LAKELAND, Fla. -- Don't let the geographical difference fool you. Nick Castellanos was born and raised in South Florida, but he has Michigan roots.
His mother's family still has a presence in Michigan, where his grandfather, Leonard Beard, served as a Detroit firefighter for 25 years. He has family members who worked for Chrysler and General Motors. He spent summers as a kid along the lake shores of Michigan before baseball became a year-round pursuit. He has been known to go to a coney island, though he doesn't have a particular allegiance.
One of the few Michigan traditions he doesn't really know is Tigers Opening Day. He has only heard about that secondhand. He's about to find out.
"I've heard it's incredible," he said. "I know it's going to be a lot of fun. I'm going to do my best to just treat it like any other baseball game, try not to get my adrenaline too high. I'm just going to try to be relaxed. I know it's going to be a lot of fun, because I've been to some Opening Days -- Florida Marlin Opening Days, but that's probably nothing like Detroit."
This is what Castellanos dreamed about, a chance at a starting role on a Major League team. His family hoped it would be in Detroit.
He spent the last couple of years on the pursuit of it, but wondering how it could happen with two All-Star sluggers on the infield corners. Ironically, the star blocking his path to the big leagues as a third baseman was the player he grew up idolizing a decade ago in Florida.
Castellanos spent last season learning the outfield at Triple-A Toledo to try to give himself a path to the Majors. By year's end, the defensive move was the one piece left for him to figure out. His hitting was no longer a question.
With the offseason trade of Prince Fielder to Texas, the outlook on Castellanos flipped, and not just from an outfielder to a third baseman. Instead of fighting for playing time, he became the top candidate at third base once again. Instead of watching Miguel Cabrera from afar, he now had the inside track to be part of the same infield.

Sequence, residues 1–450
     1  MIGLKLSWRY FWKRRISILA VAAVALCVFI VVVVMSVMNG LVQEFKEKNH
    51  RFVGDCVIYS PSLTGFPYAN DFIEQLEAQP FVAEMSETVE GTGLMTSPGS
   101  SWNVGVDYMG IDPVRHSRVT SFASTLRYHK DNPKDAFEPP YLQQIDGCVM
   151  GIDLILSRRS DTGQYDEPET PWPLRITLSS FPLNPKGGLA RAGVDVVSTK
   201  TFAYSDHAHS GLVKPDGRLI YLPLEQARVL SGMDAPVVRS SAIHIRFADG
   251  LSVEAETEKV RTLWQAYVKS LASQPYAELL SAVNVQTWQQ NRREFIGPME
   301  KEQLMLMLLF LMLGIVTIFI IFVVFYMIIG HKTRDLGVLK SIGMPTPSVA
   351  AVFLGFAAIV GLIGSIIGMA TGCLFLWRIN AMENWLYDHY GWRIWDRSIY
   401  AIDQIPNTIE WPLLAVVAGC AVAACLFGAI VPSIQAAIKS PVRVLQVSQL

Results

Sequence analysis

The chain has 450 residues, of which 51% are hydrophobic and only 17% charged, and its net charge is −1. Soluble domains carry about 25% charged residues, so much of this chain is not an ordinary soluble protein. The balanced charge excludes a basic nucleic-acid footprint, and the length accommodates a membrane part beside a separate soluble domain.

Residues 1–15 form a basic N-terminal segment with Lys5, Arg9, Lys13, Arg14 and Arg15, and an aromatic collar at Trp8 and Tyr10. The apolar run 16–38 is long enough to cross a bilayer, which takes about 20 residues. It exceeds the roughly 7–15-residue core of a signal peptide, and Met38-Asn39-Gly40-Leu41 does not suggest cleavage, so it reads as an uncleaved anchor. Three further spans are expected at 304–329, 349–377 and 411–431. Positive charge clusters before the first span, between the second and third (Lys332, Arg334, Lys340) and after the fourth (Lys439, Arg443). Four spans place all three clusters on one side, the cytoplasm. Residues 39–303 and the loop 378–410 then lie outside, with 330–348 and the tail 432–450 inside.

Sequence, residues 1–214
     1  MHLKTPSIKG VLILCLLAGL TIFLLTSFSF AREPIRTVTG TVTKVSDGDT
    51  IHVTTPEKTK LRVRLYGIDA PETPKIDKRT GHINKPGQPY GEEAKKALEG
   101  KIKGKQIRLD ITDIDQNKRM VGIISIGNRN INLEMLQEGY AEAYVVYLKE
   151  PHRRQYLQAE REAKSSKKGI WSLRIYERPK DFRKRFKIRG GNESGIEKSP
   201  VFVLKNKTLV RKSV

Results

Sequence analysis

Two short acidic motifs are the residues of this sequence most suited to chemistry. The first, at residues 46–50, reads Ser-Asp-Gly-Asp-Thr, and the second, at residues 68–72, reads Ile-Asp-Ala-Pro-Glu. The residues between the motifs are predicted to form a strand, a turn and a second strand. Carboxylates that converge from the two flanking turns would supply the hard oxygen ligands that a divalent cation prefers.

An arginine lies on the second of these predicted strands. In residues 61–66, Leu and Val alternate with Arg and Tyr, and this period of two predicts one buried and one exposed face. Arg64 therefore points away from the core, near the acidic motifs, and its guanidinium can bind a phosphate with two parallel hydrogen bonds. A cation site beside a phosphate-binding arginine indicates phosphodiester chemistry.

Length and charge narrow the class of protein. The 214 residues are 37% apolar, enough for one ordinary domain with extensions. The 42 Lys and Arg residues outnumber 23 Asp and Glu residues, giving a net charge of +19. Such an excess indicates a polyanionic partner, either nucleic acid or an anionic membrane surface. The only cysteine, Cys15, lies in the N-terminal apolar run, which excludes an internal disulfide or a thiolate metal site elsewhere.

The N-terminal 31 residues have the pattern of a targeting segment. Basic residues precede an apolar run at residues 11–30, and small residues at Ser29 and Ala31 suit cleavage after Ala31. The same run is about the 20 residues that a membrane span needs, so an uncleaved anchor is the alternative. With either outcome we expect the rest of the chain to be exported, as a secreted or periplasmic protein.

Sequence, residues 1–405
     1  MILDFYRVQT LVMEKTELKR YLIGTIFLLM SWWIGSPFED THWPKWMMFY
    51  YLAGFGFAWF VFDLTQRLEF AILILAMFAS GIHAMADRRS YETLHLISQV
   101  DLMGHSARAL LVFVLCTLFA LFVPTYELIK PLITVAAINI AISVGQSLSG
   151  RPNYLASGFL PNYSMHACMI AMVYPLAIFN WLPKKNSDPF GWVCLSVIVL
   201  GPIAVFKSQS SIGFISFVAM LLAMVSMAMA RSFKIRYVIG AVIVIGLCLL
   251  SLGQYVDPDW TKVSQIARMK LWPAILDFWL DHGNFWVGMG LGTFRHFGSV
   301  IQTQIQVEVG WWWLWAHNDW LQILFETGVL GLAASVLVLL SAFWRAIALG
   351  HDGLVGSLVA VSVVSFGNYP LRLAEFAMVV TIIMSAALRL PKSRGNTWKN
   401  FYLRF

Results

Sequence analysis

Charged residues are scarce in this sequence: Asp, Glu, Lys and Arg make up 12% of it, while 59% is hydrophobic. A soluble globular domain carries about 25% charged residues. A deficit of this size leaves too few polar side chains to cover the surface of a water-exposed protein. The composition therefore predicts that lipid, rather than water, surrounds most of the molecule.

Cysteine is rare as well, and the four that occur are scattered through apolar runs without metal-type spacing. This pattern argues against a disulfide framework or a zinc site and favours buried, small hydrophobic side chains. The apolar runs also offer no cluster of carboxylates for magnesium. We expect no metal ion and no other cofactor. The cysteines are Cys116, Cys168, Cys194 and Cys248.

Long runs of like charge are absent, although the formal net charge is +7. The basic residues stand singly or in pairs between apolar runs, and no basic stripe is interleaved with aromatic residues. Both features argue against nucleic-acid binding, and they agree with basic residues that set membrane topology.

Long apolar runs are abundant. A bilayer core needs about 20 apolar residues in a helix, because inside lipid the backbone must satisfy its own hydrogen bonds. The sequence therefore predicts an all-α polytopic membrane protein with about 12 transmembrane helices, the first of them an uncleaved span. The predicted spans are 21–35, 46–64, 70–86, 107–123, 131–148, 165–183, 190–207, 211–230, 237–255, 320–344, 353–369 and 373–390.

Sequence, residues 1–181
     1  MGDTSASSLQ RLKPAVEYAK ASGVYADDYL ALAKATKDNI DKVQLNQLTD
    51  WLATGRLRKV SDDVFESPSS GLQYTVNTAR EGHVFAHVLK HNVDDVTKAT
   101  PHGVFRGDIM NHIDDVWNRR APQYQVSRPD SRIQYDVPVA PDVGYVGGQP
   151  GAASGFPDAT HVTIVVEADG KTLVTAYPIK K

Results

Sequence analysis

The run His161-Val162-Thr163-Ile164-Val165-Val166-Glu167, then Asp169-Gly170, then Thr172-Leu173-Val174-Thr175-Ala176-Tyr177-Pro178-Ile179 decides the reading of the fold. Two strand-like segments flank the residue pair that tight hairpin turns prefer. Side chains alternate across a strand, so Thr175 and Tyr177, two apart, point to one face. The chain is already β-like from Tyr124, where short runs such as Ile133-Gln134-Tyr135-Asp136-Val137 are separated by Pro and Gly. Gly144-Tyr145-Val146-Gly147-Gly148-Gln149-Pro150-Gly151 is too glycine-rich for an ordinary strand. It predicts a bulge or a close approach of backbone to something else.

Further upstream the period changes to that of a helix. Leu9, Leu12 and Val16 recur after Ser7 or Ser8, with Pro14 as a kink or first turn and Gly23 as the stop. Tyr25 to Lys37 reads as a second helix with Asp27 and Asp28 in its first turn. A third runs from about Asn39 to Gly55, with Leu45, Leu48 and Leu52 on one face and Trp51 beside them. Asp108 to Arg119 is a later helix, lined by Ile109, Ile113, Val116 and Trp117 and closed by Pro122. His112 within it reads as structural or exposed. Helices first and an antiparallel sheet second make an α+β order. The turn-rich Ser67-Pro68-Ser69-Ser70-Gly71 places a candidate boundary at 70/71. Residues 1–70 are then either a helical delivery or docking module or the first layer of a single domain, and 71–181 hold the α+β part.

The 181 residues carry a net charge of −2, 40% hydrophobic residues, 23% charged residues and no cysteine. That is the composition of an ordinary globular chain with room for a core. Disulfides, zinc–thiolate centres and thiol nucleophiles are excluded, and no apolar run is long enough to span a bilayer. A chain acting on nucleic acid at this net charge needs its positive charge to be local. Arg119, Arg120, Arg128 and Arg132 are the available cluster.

The more he's around Cabrera, the more the teammate status emerges.
"The awe factor was there pretty much when I was called up to a couple big league games my first Spring Training, when I was 19," Castellanos said. "But now, it's just you realize -- everybody's very good at what they do, but we're still people. We're still goofy. We still like different things. We're normal, you know, and people put us on this pedestal of professional athlete or Triple Crown winner, or Cy Young Award winner. And these guys are all, at the end of the day, they're all just normal dudes."
Castellanos had the chance to watch Cabrera work day in and day out as a teammate last September, when he was called up for his first taste of the big leagues. He hasn't had the chance to do the same quite yet, but it shouldn't take long.
"I think more it's going to be during a game situation," he said. "I haven't got to see him that much in spring because I've been in [Jose] Iglesias' [hitting] group, and Miguel's usually doing his own thing with his group. But game situation is where I'll key on him mostly, because that's where he impresses everybody."
Castellanos should, too, soon enough. And the Florida kid with the Michigan background will become a familiar face up north to more than just family members. The name should also become familiar, but it could take a little while to get right.
It's not Cas-tell-anos, no matter how much the spelling suggests it is.
"It's pretty simple, just the double L's are a Y," he said. "So, cast-ay-ah-nos."